How to lower your medical bills

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You can take all the right steps and get a big medical bill, of course. To avoid financial problems, try the following.

Never automatically pay a hospital or supplier bill. That’s because a doctor’s office or other facility should first send their bill directly to your insurance — Medicare, Supplemental Medicare, Medicare Advantage, or private insurer — to see what portion of the bill will be covered, Donovan says. If you have insurance and receive a bill from a hospital or doctor, contact the provider to ensure that the bill has been submitted to your insurance. Once it has been, your insurer should send you a summary notice or explanation of benefits showing any outstanding amounts.

Make sure the invoice is correct. Nearly half of all medical bills contain at least one error, including duplicate charges or charges for services you never received, Donovan says. If you’re facing a large bill and you have to pay part of it, ask for a bill detailing everything you’ve been charged and go through it line by line, she says. Find something? Dispute any charges that shouldn’t be there with the provider.

Litigation costs related to medical errors. Let’s say you developed an infection in the hospital after having your knee replaced. At the very least, you should dispute any additional costs for the care required to treat this infection. You might even consider asking for a postponement for the original procedure, especially if the mistake caused you to miss work or cause other financial harm. There’s no guarantee that even extra charges will be forgiven or reduced, Donovan says, but it’s worth a try.

Find out about a hospital’s financial assistance programs. Non-profit hospitals must by law provide financial assistance. Some states — California, Colorado, Connecticut, Illinois, Maine, Maryland, Nevada, New Jersey, New York, Rhode Island, and Washington — require all hospitals to provide discounted or free care to many low-income people. Even if you live in another state, “there’s no shame in asking for financial assistance,” says Donovan. The CFPB’s most recent report on medical debt found that hospitals did not always let patients know that financial assistance was available unless they asked for it. And a Kaiser Health 2019 news analysis found that nearly half of nonprofit hospitals billed patients who might have received free or reduced-cost care.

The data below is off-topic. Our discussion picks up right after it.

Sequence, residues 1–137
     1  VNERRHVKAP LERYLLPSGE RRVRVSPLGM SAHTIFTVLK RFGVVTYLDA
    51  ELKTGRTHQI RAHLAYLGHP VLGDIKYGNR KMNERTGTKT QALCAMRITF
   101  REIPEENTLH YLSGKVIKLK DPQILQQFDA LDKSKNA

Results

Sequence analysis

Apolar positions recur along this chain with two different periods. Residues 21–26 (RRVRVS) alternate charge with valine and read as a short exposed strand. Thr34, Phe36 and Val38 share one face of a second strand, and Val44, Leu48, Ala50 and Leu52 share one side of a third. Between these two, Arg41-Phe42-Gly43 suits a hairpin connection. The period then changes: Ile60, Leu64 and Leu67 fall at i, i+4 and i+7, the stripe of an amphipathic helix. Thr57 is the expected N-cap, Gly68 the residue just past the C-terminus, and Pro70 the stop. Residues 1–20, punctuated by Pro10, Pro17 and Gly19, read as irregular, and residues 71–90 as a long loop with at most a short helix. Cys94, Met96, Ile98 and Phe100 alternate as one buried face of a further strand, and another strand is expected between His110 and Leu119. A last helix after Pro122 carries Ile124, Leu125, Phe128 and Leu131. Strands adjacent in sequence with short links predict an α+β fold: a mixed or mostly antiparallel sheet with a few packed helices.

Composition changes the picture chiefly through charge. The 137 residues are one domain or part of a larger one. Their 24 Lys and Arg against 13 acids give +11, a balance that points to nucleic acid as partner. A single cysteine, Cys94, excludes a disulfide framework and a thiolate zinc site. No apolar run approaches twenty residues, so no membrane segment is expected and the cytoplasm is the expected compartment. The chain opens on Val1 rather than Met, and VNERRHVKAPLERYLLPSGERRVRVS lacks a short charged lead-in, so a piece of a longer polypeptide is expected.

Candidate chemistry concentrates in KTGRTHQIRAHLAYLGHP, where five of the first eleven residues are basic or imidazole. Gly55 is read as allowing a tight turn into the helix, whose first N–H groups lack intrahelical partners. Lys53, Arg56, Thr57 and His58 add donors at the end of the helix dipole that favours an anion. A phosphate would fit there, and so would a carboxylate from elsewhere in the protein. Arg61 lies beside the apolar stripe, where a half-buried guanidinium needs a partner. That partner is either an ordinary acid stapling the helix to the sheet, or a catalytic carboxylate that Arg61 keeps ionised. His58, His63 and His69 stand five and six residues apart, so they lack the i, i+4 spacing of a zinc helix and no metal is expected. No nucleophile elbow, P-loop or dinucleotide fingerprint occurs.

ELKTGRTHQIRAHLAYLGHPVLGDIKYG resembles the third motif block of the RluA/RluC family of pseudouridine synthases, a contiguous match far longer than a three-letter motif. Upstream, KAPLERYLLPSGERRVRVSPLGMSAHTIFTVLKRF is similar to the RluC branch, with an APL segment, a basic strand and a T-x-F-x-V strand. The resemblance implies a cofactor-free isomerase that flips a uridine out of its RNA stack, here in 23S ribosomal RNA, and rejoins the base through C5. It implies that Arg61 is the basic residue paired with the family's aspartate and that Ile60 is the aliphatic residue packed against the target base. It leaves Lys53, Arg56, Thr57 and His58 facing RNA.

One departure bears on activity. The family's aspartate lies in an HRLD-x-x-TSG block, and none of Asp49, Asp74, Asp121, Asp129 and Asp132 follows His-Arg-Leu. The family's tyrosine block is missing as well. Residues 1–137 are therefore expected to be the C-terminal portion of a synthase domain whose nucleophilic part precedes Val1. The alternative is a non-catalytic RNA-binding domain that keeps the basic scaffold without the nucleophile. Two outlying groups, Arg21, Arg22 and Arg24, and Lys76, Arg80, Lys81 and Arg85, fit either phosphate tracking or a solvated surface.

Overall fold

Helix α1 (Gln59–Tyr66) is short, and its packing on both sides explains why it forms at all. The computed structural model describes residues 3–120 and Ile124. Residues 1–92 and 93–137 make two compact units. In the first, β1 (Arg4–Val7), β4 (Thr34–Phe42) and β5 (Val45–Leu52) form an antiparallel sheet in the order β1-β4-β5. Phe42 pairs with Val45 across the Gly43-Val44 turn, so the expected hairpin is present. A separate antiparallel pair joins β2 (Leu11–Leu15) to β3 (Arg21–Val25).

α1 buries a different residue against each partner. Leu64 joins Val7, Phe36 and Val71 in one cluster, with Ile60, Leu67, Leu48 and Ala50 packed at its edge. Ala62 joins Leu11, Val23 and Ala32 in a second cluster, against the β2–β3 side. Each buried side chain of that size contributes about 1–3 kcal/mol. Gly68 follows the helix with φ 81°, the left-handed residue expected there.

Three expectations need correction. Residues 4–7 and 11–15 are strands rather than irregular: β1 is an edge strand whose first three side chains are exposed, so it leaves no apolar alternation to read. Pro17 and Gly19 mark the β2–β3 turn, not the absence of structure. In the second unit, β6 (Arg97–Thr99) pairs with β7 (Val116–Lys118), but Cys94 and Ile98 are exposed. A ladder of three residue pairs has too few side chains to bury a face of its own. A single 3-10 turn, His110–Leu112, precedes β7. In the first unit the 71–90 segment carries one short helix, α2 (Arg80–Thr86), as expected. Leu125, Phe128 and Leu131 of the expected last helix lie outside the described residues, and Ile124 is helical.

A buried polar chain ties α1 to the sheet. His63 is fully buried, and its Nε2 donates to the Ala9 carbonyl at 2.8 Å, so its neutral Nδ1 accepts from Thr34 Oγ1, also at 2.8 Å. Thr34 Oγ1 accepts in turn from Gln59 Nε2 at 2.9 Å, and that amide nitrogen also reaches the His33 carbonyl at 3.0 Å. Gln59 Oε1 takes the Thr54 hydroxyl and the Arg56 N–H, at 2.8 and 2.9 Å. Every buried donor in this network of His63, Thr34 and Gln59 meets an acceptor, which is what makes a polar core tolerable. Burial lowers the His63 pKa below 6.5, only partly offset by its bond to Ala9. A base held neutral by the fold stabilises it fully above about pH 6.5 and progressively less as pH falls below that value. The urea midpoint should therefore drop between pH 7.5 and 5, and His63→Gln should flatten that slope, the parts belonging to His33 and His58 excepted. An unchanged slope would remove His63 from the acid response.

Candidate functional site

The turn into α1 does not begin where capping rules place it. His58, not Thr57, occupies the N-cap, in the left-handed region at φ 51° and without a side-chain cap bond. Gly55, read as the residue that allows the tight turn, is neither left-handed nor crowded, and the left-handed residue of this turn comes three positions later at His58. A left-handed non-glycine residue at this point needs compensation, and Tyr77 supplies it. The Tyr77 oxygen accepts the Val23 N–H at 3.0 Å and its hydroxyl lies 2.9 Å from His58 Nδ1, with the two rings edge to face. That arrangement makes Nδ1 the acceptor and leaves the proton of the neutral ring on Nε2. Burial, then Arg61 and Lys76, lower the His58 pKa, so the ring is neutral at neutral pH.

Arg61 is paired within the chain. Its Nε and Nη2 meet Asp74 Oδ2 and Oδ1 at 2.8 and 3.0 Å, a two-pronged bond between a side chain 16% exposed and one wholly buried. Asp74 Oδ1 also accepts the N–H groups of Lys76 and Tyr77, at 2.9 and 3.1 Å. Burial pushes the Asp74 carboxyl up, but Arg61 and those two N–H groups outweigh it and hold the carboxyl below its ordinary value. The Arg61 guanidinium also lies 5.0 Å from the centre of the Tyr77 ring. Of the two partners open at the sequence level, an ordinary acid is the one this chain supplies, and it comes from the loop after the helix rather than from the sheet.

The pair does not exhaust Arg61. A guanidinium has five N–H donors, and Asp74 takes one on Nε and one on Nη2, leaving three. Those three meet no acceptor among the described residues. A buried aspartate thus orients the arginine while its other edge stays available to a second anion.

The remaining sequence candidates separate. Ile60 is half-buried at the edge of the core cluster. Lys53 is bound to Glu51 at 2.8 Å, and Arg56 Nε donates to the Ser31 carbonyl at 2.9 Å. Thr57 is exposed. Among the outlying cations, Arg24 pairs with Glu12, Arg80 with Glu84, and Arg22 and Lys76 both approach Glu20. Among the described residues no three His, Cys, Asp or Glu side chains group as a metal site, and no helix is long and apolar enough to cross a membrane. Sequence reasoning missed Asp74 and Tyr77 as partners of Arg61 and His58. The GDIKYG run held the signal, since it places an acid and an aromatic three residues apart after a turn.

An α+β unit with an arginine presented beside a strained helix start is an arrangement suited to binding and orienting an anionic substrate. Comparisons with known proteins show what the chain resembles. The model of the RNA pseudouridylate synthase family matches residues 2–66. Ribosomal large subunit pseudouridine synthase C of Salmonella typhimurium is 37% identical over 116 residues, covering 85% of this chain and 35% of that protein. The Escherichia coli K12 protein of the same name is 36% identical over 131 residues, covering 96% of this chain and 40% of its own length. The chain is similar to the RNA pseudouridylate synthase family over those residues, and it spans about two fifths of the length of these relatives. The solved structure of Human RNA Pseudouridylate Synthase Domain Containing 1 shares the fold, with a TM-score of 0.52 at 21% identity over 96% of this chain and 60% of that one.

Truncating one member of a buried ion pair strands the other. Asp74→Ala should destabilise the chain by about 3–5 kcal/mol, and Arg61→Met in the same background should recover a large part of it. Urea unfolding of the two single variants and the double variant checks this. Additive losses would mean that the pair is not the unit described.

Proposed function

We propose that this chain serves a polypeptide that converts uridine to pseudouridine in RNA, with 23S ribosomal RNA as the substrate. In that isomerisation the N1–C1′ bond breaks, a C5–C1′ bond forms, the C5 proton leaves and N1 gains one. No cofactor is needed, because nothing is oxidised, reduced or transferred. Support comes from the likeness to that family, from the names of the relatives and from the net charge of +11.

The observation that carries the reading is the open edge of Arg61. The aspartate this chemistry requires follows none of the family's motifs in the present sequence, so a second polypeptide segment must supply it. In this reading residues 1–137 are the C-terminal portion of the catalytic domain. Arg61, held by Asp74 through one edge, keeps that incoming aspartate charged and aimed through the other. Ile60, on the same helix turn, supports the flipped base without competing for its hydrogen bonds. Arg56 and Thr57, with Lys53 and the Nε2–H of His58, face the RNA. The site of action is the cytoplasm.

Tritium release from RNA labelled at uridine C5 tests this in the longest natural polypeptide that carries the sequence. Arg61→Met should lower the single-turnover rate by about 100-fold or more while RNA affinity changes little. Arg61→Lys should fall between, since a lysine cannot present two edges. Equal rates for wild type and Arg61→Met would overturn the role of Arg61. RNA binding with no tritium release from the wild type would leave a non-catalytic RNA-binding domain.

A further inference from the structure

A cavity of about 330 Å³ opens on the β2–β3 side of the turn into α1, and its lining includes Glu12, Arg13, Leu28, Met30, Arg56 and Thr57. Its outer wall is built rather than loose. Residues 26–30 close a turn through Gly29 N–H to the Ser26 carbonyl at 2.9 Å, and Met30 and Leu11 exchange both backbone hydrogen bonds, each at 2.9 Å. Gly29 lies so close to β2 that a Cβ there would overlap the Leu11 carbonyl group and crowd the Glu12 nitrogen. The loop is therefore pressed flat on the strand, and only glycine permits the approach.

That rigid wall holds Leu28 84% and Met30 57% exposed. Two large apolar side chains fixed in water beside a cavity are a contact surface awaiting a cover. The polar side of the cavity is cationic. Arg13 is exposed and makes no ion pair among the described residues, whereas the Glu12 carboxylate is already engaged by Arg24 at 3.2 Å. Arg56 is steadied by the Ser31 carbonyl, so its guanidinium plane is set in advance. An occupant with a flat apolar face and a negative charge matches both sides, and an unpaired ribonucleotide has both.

Negotiate. It’s in the supplier’s best interest to work with you to get paid, Donovan says. So figure out how much monthly you can reasonably afford after taking into account housing, food, fuel, and other necessities. Also ask that you are not charged interest. Or if you have the funds, you can also offer a one-time payment for a reduced total bill, she says. This can save you 15% or more.

Acquire help. Free support is plentiful. The Center for Medicare Rights, on the other hand, can guide you through the process of choosing among types of Medicare plans. Contact the center on weekdays during business hours at 800-333-4114 or go to medicarerights.org.

Another option is state health insurance assistance programs, which are run by trained staff and volunteers to help you navigate all the health insurance choices in your state. They can also put you in touch with your state Medicaid office, says Hoadley, who volunteers in his home state of Virginia. Find contact information for your state at shiphelp.org.

Need a hand understanding and negotiating your medical bills? For many, the Patient Advocate Foundation provides these services and more, free of charge. Contact the organization at 800-532-5272 or visit patientadvocate.org.

Consider hiring a lawyer. Find a medical billing specialist through the Alliance of Health Professional Advocates. Then check that the specialist you have found has Patient Advocate Certification Board Credentials.


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